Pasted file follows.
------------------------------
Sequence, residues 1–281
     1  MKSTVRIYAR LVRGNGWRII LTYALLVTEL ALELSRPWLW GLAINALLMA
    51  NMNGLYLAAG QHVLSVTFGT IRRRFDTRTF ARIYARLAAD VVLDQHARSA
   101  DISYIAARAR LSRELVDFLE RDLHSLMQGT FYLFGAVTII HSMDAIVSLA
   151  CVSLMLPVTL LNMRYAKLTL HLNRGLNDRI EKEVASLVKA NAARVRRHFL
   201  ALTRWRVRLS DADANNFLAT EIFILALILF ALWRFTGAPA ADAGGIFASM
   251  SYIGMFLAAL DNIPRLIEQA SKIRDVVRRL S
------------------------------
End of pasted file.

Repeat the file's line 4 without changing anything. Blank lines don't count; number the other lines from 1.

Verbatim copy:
   101  DISYIAARAR LSRELVDFLE RDLHSLMQGT FYLFGAVTII HSMDAIVSLA